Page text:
New York, New York (PRWEB) September 24, 2012
A new study brings good news for glaucoma patients. Continuous intraocular pressure measurement with a contact lens senor was deemed safe and tolerable with repeated use. Though mild adverse effects were common, researchers still believe the study is a positive for those who suffer from the disease. Anthony Economou celebrates the recent developments.
The trial consisted of 40 patients who wore the sensor for 24 hours a day on two separate occasions. During this trial, all but two people experienced some type of negative effect, explained Robert Weinreb of the University of California, San Diego. However, only seven of these 149 total events were rated as severe, which was similar to the number of adverse events seen with regular contact lenses.
The researchers then explained that the device also successfully delivered the full 24-hour pressure recordings in both sessions for 36 out of 40 people. They went on to say, “The availability of 24-hour intraocular pressure monitoring holds the promise to improve glaucoma care.”
Anthony Economou is a glaucoma expert who frequently treats the disease, and this study leaves him feeling hopeful. He says, “Intraocular pressure that is done in an office setting does not give us the full picture of IOP control for the patient during the day, week, month, etc. I am very hopeful in a medical device that would be able to give continuous IOP measurements throughout the day.”
Dr. Weinreb and his colleagues noted that getting a full 24-hour pressure curve is costly because it requires a study conducted in a sleep laboratory. Even then, the study may not have total accuracy because patients need to get woken up during the middle of the night so measurements may get taken. This is why no method currently exists to measure intraocular pressure during undisturbed sleep. Undisturbed sleep is when intraocular pressure is believed to become highest in glaucoma patients.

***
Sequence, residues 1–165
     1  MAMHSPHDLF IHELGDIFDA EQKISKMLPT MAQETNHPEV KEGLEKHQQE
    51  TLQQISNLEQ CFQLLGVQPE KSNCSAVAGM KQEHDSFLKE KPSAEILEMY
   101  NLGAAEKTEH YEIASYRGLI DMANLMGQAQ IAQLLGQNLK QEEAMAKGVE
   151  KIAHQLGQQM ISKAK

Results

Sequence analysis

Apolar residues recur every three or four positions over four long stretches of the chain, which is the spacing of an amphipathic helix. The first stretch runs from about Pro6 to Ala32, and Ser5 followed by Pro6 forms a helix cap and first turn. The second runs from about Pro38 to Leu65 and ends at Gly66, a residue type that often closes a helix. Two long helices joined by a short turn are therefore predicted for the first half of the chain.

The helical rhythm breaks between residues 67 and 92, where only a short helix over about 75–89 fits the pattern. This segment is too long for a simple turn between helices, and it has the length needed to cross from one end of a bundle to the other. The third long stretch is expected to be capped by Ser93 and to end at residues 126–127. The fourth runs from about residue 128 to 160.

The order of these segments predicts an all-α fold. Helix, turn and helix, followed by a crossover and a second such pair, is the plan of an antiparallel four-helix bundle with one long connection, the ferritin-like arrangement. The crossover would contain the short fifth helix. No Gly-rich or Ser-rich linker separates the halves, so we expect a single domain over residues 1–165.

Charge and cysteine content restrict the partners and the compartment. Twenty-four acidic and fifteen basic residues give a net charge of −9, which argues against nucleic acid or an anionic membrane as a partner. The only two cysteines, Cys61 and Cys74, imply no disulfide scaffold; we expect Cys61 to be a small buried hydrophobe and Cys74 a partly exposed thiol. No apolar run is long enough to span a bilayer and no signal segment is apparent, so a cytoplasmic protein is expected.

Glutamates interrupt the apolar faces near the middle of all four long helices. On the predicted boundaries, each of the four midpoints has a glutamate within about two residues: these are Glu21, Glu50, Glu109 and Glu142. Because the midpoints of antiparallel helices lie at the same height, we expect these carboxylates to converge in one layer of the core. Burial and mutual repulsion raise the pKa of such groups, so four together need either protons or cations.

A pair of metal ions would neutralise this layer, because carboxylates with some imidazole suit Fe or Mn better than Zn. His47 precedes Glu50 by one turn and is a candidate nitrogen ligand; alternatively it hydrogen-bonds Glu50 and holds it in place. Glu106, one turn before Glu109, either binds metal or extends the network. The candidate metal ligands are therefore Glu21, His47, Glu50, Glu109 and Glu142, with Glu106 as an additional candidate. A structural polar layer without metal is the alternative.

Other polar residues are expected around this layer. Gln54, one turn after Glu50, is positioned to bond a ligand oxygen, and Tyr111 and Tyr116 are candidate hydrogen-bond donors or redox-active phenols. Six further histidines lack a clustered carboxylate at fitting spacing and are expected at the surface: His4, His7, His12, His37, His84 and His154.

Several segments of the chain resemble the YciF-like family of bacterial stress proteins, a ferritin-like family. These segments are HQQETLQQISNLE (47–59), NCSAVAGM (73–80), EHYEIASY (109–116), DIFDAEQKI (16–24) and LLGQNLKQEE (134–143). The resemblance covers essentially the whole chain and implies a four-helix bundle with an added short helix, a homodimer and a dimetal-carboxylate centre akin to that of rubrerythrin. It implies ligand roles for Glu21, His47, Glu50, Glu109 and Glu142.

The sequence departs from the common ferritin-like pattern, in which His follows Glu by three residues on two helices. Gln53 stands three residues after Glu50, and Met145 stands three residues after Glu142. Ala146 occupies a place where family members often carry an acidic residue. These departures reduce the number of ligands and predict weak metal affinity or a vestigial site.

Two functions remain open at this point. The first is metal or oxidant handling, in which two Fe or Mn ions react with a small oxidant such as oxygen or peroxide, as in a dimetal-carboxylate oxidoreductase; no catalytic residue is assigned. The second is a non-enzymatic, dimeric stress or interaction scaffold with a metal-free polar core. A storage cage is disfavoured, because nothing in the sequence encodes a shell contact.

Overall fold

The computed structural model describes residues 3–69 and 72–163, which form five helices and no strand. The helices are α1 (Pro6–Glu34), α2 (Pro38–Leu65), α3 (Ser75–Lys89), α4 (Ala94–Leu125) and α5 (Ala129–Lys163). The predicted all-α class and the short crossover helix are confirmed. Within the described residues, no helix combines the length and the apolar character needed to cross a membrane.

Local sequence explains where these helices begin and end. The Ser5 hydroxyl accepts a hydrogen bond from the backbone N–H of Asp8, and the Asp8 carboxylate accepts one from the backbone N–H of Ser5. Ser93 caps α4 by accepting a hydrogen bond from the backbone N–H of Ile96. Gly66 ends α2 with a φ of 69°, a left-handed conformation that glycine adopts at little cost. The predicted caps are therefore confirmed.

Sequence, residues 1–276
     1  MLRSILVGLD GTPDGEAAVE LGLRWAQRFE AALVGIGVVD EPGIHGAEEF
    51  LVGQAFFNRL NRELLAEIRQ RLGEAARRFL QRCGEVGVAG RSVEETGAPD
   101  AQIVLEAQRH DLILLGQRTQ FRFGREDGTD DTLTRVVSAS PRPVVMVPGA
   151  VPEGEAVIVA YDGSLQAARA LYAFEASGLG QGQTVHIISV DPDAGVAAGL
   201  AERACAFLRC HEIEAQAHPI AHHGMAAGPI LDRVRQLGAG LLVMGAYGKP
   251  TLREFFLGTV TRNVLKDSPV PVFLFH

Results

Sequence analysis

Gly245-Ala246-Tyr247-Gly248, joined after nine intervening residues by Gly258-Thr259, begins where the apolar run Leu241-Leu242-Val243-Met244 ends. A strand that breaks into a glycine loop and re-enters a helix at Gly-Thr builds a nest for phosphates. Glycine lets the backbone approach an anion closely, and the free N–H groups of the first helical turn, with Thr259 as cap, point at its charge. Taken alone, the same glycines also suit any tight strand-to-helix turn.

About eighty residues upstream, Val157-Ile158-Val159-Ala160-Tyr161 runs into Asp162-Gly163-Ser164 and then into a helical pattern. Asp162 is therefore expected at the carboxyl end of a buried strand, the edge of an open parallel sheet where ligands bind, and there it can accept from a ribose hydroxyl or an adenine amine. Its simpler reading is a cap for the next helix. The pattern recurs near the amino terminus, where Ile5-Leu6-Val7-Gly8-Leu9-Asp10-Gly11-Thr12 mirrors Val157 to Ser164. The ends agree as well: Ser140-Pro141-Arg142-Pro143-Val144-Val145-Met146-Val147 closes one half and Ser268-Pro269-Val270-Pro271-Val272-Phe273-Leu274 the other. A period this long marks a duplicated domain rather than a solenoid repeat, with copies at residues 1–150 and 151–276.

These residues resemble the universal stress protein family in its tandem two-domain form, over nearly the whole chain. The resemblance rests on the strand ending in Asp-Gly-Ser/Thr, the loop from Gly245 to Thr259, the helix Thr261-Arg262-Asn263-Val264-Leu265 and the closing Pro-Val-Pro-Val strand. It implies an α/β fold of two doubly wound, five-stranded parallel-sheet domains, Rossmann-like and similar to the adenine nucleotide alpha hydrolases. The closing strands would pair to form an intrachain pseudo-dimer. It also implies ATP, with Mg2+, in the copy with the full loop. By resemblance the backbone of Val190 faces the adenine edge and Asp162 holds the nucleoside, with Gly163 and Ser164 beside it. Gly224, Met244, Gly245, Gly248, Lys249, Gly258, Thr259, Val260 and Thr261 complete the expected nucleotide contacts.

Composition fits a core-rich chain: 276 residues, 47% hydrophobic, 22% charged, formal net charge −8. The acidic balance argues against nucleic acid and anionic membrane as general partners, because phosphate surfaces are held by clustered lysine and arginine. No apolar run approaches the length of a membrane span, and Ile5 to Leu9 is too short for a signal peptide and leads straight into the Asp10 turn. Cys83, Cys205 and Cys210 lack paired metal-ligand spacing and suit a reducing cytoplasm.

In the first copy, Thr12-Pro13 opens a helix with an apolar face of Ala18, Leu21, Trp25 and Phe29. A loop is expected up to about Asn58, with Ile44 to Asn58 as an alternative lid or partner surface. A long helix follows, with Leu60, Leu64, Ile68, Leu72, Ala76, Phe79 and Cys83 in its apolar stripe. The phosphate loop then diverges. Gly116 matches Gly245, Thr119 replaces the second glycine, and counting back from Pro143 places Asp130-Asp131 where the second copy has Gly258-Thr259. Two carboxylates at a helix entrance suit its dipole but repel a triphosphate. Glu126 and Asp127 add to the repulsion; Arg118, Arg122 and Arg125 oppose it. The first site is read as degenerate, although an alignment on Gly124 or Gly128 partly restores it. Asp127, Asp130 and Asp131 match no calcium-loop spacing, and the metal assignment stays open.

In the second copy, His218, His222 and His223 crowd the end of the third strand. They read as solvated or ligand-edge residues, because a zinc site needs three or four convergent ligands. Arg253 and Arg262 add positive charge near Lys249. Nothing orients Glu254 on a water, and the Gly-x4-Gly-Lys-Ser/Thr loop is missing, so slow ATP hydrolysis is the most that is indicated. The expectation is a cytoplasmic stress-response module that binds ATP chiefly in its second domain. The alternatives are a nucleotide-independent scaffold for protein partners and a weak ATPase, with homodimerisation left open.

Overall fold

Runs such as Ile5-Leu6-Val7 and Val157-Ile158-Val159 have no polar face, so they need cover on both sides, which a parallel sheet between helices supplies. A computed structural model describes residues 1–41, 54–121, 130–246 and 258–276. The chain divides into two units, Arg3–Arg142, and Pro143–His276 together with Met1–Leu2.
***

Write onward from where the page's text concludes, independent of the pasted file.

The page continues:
A Swiss company developed a soft contact lens that has two gauges that detect changes in corneal curvature that correlate with intraocular pressure. This device sends data to a small antenna attached to the skin around the eye. This antenna then passes data on to a thin cable to a recorder worn around the waist. The product is called Triggerfish. Currently, it’s approved for use in Europe but has not yet gained approval in the United States.
Dr. Weinreb went on to say, “The current study demonstrates that the contact lens sensor is a safe and well-tolerated device for repeated use in glaucoma patients or those suspected of having the disease.”
Anthony Economou is a glaucoma specialist who currently practices at Ophthalmology Consultants of Tulsa. He also serves as an adjunct professor and ophthalmology resident trainer at Oklahoma State University College of Osteopathic Medicine. He’s a board certified ophthalmologist and a fellow of four different professional organizations. Anthony Economou specializes in refractive techniques and focuses on Laser Vision Surgery.